• Once the color that comes out matches what you know is new fluid, then this part of the job is done and it’s time to get the hoses reattached.

Power steering change cost

For some people, the average power steering fluid change cost of $115 isn’t something that bothers them, but if you’re the type that doesn’t mind getting your hands dirty, it’s a relatively simple process that can lead to some moderate savings.

In fact, you can check the monthly flyer of stores like Advance Auto Parts to see if they have any on sale in-store. If you’re lucky, one of their mechanics might even check it for free at your local store.

The first thing to know about a power steering fluid change is that it’s not always necessary to go for a full flush. In order to know if a full flush is necessary, it’s a good idea to take a look at the existing fluid that’s already in your power steering system.

Test your power steering

However, don’t make the mistake of assuming that the job is done and getting right back on the road immediately after you complete a power steering fluid change. Once you think you’ve removed all of the contaminated fluid from the system, it’s time to put the cap back on and test the steering with the car in a safe area.

Make sure that the wheel turns smoothly in each direction. When you operate the wheel, it should be easy to turn, with no difficulty in changing direction. If you find yourself getting stuck making a turn and having to use incredible force to complete it, that’s a sign that you might have a bigger steering problem.

Checking & flushing your power steering fluid is an important habit!

When you really think about it, the decision to replace power steering fluid is mostly about common sense. Once you get the hang of it, it’s a very straightforward maintenance procedure that you can do at home. If you can read a dipstick and determine how much fluid to add, managing your power steering fluid and keeping yourself and others safe on the road won’t be a difficult task at all!

how long do car brakes last

How Long Do Car Brakes Last? Maybe An Extra 20k Miles w/ These Tips

You know that you can’t afford to have unreliable brakes, but this begs a very important question: how long do brakes last?

Automotive engineers have not defined a firm lifespan for our brakes, presumably because there are a lot of variables involved.

Evidence of this frustratingly vague guidance is evident in a study from Toyota, estimating their brake pads can last anywhere from 25,000 miles to 70,000 miles, with an average lifespan of 30,000 to 60,000 miles.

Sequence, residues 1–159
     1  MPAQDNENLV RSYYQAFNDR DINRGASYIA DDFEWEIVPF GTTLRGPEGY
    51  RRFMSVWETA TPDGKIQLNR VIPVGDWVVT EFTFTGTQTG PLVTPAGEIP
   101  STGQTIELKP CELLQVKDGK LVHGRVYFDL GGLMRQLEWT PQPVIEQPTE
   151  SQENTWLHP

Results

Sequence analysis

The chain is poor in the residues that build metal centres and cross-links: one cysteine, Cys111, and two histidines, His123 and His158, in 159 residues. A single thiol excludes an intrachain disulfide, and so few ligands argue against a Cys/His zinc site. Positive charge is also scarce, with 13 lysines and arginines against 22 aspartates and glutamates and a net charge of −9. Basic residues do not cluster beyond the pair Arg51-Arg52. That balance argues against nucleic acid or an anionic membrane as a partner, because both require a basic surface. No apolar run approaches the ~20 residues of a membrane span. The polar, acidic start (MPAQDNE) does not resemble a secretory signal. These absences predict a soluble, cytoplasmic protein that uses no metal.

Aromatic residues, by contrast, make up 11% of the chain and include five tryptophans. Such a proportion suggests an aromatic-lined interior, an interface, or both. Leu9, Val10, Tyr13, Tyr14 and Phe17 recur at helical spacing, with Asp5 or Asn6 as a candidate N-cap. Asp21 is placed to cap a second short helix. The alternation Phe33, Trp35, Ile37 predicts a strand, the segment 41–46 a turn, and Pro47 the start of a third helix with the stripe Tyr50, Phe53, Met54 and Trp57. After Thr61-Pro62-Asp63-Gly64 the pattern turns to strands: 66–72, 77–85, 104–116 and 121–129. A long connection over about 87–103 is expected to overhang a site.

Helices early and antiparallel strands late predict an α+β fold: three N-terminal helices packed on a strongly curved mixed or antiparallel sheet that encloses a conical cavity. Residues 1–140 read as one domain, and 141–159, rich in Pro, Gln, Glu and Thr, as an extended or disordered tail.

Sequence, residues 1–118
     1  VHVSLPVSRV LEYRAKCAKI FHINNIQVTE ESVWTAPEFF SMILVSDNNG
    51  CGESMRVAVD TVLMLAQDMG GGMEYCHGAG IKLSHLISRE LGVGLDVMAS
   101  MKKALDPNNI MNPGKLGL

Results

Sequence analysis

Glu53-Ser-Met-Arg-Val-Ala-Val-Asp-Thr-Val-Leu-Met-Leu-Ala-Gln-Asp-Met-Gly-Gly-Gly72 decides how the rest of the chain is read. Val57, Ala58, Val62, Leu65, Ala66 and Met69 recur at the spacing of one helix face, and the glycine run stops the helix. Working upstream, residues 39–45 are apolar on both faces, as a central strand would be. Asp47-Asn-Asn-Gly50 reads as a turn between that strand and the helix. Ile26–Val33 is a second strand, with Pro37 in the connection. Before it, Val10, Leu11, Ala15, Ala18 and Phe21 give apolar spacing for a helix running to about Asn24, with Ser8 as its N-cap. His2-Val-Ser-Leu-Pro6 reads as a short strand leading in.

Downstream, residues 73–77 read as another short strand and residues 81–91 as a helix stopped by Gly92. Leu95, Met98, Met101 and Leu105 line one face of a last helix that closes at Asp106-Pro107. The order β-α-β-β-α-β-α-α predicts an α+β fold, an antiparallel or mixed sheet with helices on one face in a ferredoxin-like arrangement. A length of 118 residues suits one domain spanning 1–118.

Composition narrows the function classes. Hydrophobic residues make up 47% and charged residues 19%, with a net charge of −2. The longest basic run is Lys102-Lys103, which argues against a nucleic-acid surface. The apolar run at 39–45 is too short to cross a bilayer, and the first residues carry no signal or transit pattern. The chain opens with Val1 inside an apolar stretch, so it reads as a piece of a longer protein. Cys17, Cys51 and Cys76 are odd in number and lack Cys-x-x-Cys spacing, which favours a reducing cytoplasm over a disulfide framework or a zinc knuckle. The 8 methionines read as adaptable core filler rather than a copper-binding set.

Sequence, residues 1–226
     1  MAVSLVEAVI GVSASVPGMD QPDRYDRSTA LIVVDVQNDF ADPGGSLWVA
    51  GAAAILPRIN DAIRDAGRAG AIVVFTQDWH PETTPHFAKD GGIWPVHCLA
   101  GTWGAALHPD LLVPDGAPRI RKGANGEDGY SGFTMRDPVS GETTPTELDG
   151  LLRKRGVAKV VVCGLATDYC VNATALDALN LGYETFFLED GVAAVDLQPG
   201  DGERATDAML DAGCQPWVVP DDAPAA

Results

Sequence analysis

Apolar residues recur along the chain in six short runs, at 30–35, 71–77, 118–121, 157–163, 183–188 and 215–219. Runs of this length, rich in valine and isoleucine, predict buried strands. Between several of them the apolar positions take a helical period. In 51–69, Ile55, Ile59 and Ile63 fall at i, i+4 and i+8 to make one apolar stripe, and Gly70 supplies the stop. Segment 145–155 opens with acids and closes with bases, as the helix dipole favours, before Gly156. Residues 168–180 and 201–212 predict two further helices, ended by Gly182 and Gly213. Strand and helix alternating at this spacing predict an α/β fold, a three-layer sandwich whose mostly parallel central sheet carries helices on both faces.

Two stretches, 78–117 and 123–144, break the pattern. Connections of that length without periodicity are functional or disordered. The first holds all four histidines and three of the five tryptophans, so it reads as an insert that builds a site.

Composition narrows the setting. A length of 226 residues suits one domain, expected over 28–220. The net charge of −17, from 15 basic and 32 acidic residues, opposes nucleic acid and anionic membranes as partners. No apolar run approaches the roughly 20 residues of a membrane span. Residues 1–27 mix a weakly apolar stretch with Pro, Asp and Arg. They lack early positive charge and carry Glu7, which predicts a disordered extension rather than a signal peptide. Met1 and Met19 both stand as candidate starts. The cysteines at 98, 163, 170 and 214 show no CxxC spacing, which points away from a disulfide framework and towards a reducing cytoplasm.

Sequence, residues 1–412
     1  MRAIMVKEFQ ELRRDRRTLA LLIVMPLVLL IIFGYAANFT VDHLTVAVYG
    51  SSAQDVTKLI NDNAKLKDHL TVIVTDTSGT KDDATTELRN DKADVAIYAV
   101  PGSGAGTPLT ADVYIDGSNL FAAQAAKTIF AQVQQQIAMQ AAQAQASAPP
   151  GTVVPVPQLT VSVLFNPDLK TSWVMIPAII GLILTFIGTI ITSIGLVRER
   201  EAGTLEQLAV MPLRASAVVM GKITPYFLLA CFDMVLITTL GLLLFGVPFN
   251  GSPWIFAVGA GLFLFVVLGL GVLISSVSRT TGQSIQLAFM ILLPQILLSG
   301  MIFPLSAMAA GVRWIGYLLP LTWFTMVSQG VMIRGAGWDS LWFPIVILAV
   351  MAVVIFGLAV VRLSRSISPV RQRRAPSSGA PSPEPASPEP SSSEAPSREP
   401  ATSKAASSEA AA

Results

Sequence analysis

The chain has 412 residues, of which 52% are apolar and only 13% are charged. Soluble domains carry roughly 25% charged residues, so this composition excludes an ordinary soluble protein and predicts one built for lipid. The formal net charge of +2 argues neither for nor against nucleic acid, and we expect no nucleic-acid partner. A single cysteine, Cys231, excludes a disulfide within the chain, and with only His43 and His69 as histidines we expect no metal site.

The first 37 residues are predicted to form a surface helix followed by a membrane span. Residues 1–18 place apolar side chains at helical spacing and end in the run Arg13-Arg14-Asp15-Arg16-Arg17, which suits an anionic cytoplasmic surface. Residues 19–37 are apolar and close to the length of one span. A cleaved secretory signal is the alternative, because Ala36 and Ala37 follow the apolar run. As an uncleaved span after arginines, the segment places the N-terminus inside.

*Thanks a lot. That 30k difference between the low and high estimate is more than the circumference of the Earth!

However, how long your brakes last depend on the type of car you drive and how you drive as well. Maybe you can’t trade in your jalopy for a new Mercedes, but there are plenty of things you can do on your own to improve the lifespan of your brakes.

Specific brands and makes of brakes will reveal more specific estimates for how long they will last, but a lot of it has to do with the driver. In fact, some motorists have made their 30k+ mile brakes last for 90,000 miles and more with conscientious driving highlighted in the following tips and tricks!

Make Your Brakes Last Longer: Slow Down

speedometerAttention: your need for speed is killing your brake pads! 

The higher your speed, the shorter your reaction time, and the longer it takes to fully stop your car. Not only is speeding dangerous, but it puts massive of wear and tear on your brake pads.

The physics behind our brakes shows that car brakes turn their kinetic (motion) energy into heat. So, when you stop your car at high speeds, your brakes expend more heat energy, wearing down your brake pads more.

Try these tips for easing up on the road:

  • Stay within the speed limit (*Not to mention that a single speeding ticket can cost you more than new brakes!) 
  • Coast when you can, especially downhill
  • Don’t tailgate: Keep a safe distance between yourself and other cars to avoid any sudden braking. Tailgating is murder on your brakes, as you’re giving yourself very little reaction time to slow down or stop
  • Refrain from road rage. If you are out of control, your car will suffer too!
  • Look ahead and anticipate upcoming traffic lights: This is a great time to coast to a smooth stop

how long brakes last cheap car

Remove Any Excess Weight From Your Car

How long do brakes last for heavy cars? Well, not as long as lighter cars! The heavier your car is, the more stress is put on your brakes.

You learned that your car and brakes operate on kinetic energy, which is simply energy derived from motion.

The amount of kinetic energy is dictated by the overall weight of your vehicle, so, the more excess weight your car has the more kinetic energy it needs to generate to function properly. In layman’s terms: the heavier your car is, the the shorter your brakes will last.

This weight only puts more pressure on your brakes and brake pads, and that wear and tear is worsened with continuous speeding or reckless driving.

Check your car to see if you’re lugging around extra weight you don’t need, such as exercise equipment, gallons of water, power tools, and other heavy items. The extra weight is straining your fuel efficiency, too!